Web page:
There's a quote from Alibaba's Jack Ma: "Customers should be number one, employees number two, and then only your shareholders come at number three."

Many great companies have understood this over the years, and Jack is simply one of the latest digital leaders to express this sentiment.

After reading Ma's quote (see more here), I read about the scandal of Sports Direct warehouses, where workers are effectively paid below The National Minimum Wage (due to staff searches lasting for 15 minutes at the end of each working day).

Sports Direct's share price has tumbled recently, and although this has partly been the result of poorer than expected sales (due to the closure of its premium brand USC), there's no doubt that continued controversy around worker treatment is having an effect.

In a Guardian article on the topic, Ashley Hamilton Claxton, a corporate governance manager at Royal London Asset Management, has this to say:

We remain concerned about corporate governance issues at the company and believe these issues will continue to place a drag on the share price over the long term.

Until the company improves its governance and relationships with employees, shareholders face substantial risks.

We maintain that companies such as Sports Direct need strong governance in place to protect the interests of minority shareholders, employees and other stakeholders.

This couldn't be clearer. Poor relationships with employees will lead to substantial risk for shareholders. A causal factor, and indicative of the hierarchy of importance that Jack Ma refers to.

With Sports Direct also in the spotlight for zero hours contracts and not giving the mandatory 30 days notice when laying off hundreds of workers in its USC business, the brand's tale could become a cautionary one.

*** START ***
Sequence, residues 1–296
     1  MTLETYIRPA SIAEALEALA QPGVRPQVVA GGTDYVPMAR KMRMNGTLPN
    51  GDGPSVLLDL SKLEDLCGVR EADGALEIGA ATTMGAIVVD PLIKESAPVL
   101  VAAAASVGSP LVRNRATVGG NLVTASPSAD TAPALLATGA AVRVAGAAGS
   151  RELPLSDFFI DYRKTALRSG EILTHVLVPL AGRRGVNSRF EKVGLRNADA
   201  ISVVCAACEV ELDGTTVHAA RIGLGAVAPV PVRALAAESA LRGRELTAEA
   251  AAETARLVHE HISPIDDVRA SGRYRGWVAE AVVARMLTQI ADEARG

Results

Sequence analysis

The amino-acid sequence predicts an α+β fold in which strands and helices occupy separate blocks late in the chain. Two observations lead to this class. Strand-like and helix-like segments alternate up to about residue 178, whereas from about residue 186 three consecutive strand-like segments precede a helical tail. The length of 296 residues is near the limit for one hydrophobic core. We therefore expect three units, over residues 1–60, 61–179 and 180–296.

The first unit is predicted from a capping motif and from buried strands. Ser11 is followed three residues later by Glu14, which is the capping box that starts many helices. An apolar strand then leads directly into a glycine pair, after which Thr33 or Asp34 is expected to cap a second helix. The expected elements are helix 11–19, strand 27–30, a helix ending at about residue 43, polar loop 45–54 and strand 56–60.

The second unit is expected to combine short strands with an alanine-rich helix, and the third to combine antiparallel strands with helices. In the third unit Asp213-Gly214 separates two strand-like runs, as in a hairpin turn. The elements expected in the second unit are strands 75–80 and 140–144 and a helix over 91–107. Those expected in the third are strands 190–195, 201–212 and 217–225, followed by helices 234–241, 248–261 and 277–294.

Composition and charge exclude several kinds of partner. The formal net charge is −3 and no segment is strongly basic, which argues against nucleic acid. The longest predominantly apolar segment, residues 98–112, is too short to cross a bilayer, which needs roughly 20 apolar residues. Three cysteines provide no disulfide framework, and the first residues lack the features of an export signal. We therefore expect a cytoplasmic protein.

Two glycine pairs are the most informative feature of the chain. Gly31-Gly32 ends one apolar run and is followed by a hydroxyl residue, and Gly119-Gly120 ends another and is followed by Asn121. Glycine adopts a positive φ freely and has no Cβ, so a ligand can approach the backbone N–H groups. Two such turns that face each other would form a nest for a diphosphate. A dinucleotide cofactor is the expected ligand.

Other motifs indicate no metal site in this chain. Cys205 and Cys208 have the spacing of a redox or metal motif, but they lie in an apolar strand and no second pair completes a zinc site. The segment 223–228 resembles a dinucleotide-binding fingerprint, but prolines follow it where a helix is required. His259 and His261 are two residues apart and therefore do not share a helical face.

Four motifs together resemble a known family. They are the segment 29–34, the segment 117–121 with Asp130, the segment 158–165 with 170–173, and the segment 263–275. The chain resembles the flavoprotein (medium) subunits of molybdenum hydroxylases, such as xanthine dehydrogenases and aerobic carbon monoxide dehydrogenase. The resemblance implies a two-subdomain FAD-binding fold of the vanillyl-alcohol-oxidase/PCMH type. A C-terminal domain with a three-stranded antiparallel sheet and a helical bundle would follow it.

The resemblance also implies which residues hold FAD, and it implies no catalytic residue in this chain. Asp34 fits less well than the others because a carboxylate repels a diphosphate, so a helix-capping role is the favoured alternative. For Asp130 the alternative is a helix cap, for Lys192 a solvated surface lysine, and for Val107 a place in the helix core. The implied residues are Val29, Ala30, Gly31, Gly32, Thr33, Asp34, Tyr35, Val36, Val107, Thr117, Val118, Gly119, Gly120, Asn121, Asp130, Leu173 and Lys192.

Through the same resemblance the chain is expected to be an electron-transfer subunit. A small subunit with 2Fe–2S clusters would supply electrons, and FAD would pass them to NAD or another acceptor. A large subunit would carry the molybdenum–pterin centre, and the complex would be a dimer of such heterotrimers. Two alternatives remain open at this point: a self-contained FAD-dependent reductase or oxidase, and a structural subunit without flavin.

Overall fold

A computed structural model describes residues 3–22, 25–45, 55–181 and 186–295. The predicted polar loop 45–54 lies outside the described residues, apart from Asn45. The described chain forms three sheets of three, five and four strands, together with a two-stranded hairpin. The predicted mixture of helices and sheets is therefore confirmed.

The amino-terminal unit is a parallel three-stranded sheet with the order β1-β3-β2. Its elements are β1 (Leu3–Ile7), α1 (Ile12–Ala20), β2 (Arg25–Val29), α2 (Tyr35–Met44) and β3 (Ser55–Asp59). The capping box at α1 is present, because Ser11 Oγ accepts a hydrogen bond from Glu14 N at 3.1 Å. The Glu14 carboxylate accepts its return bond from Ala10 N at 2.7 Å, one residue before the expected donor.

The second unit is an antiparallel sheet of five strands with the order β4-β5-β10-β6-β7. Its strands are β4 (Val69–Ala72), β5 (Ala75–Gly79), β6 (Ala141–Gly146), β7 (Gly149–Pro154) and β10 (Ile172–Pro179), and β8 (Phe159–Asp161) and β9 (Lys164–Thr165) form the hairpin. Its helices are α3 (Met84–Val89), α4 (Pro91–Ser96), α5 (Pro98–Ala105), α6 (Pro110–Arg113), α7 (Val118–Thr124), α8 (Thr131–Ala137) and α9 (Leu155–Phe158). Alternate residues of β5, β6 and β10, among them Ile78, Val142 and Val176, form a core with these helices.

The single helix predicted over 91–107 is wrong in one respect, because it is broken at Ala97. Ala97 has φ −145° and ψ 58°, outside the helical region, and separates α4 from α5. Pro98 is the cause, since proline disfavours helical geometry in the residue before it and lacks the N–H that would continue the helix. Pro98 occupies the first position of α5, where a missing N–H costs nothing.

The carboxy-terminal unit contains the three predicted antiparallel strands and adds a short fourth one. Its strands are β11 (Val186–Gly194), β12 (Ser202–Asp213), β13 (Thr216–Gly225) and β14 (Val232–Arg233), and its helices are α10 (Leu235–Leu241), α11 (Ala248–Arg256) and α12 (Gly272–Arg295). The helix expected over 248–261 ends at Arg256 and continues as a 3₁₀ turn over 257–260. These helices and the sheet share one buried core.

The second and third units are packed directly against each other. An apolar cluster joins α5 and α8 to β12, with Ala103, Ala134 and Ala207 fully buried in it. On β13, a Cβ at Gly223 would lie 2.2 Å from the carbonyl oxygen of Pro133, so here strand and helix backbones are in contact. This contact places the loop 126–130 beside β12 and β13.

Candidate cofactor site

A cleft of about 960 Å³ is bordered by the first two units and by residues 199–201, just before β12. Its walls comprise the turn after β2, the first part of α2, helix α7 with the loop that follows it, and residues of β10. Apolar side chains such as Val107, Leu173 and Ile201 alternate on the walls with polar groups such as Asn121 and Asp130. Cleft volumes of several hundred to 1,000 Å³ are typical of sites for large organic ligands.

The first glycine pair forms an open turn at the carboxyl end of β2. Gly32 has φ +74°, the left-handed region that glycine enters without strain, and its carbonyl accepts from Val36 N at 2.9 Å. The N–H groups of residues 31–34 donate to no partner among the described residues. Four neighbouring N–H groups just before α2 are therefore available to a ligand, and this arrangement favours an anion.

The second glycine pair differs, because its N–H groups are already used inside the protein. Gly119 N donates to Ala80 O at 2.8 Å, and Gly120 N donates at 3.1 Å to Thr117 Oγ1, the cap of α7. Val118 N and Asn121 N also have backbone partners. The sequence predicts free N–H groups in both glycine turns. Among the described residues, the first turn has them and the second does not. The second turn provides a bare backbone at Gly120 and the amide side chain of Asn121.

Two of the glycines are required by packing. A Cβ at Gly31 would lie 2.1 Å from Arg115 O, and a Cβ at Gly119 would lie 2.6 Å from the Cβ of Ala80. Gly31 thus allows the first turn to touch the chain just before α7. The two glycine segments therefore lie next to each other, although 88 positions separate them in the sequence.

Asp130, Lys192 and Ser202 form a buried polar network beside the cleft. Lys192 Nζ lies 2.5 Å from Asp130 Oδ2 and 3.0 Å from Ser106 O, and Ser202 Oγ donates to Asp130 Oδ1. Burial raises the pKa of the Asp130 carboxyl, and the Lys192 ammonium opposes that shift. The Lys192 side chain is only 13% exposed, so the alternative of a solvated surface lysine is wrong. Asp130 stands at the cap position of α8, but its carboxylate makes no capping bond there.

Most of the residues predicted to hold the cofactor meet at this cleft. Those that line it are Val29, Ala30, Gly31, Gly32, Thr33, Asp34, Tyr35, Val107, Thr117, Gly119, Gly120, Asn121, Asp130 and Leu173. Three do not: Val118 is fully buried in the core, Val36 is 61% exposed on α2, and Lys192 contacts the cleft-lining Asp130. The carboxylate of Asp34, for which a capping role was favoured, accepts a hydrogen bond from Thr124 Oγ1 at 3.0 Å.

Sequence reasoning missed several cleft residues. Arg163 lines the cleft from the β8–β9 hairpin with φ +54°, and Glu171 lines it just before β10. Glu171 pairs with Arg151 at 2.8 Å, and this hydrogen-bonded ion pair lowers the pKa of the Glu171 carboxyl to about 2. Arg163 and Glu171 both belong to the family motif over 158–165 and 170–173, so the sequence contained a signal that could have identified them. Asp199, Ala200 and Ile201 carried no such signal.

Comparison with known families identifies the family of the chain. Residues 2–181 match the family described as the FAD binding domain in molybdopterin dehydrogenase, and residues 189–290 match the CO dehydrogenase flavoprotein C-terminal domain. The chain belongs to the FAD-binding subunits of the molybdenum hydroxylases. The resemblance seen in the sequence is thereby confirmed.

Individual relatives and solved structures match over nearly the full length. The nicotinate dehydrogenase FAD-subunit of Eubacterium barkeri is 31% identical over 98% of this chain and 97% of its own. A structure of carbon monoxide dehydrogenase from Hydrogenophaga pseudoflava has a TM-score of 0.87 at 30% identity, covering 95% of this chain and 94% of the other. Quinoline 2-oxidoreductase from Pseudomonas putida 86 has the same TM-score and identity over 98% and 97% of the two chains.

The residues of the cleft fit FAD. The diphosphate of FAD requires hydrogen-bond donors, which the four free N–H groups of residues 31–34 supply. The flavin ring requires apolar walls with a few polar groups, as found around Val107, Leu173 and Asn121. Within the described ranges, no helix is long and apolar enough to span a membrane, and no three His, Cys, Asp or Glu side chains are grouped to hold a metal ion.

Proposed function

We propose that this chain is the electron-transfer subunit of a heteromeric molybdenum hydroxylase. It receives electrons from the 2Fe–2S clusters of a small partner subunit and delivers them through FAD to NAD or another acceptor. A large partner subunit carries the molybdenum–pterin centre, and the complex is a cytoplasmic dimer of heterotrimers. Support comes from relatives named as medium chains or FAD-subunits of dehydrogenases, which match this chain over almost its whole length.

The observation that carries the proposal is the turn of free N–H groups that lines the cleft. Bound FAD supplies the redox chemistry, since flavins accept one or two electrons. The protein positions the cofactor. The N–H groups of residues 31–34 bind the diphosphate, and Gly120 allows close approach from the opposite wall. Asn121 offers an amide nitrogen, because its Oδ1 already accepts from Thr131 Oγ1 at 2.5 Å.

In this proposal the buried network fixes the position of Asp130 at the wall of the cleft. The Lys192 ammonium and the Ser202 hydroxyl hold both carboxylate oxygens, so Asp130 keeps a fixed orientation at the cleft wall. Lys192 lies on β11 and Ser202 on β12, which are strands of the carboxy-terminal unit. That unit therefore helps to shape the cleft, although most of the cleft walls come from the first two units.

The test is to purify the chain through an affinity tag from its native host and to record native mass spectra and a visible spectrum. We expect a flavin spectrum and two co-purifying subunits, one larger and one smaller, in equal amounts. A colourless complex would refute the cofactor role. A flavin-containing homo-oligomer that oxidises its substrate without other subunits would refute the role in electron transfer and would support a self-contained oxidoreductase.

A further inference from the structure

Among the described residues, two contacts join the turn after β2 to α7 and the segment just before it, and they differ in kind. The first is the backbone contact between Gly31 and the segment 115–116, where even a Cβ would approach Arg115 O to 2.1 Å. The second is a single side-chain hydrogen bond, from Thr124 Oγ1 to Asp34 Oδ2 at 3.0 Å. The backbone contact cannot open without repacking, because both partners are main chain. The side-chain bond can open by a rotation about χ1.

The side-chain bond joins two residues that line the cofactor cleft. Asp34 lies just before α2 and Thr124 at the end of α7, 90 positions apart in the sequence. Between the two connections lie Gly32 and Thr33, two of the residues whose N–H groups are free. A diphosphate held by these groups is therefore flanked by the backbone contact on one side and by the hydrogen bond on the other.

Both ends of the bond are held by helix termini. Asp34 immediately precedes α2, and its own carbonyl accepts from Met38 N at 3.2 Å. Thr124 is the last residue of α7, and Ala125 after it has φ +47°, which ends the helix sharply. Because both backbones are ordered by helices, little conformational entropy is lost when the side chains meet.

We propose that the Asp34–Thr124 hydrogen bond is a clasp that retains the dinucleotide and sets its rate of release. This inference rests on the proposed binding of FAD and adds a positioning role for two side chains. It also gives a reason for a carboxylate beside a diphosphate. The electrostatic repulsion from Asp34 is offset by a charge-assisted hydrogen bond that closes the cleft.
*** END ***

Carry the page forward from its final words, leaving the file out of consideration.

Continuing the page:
usc

But will it affect sales?

Share price may decrease until the Government decides what to do about Sports Direct, but will sales suffer? History would suggest probably not.

Even digital-first companies with inspiring leaders have marks against their reputations; Amazon is well acquainted with exposés of its culture and working practices (try this Independent article for a taster) and Tesla is often mentioned as a place that can be forbidding for those that aren't 100% committed to the cause.

Despite talk of a Sports Direct boycott (see Twitter), the biggest impact sounds as if it will come from Government rebuke.

Rotten culture begets rotten work

Sports Direct employs a large amount of Eastern European workers and will not suffer from a workforce shortage.

However, the culture of the business leaves it poorly positioned to deal with competition in retail (e.g. at USC).

Frances Frei and Anne Morriss from Harvard Business School define the impact of culture as follows:

Culture guides discretionary behavior and it picks up where the employee handbook leaves off. Culture tells us how to respond to an unprecedented service request. It tells us whether to risk telling our bosses about our new ideas, and whether to surface or hide problems.

Employees make hundreds of decisions on their own every day, and culture is our guide. Culture tells us what to do when the CEO isn’t in the room, which is of course most of the time.

What that means is that if/when Sports Direct needs to innovate and move away from manual labour to a technology-optimised system, can it be sure a mistreated workforce will respond, and will the retailer be able to attract the talent needed for this transformation?

Giving customers a great product at a great price is, of course, the priority, but should never be at the expense of workforce dignity.

Ben Davis

Published 15 December, 2015 by Ben Davis @ Econsultancy

Ben Davis is Editor at Econsultancy. He lives in Manchester, England. You can contact him at ben.davis@econsultancy.com, follow at @herrhuld or connect via LinkedIn.

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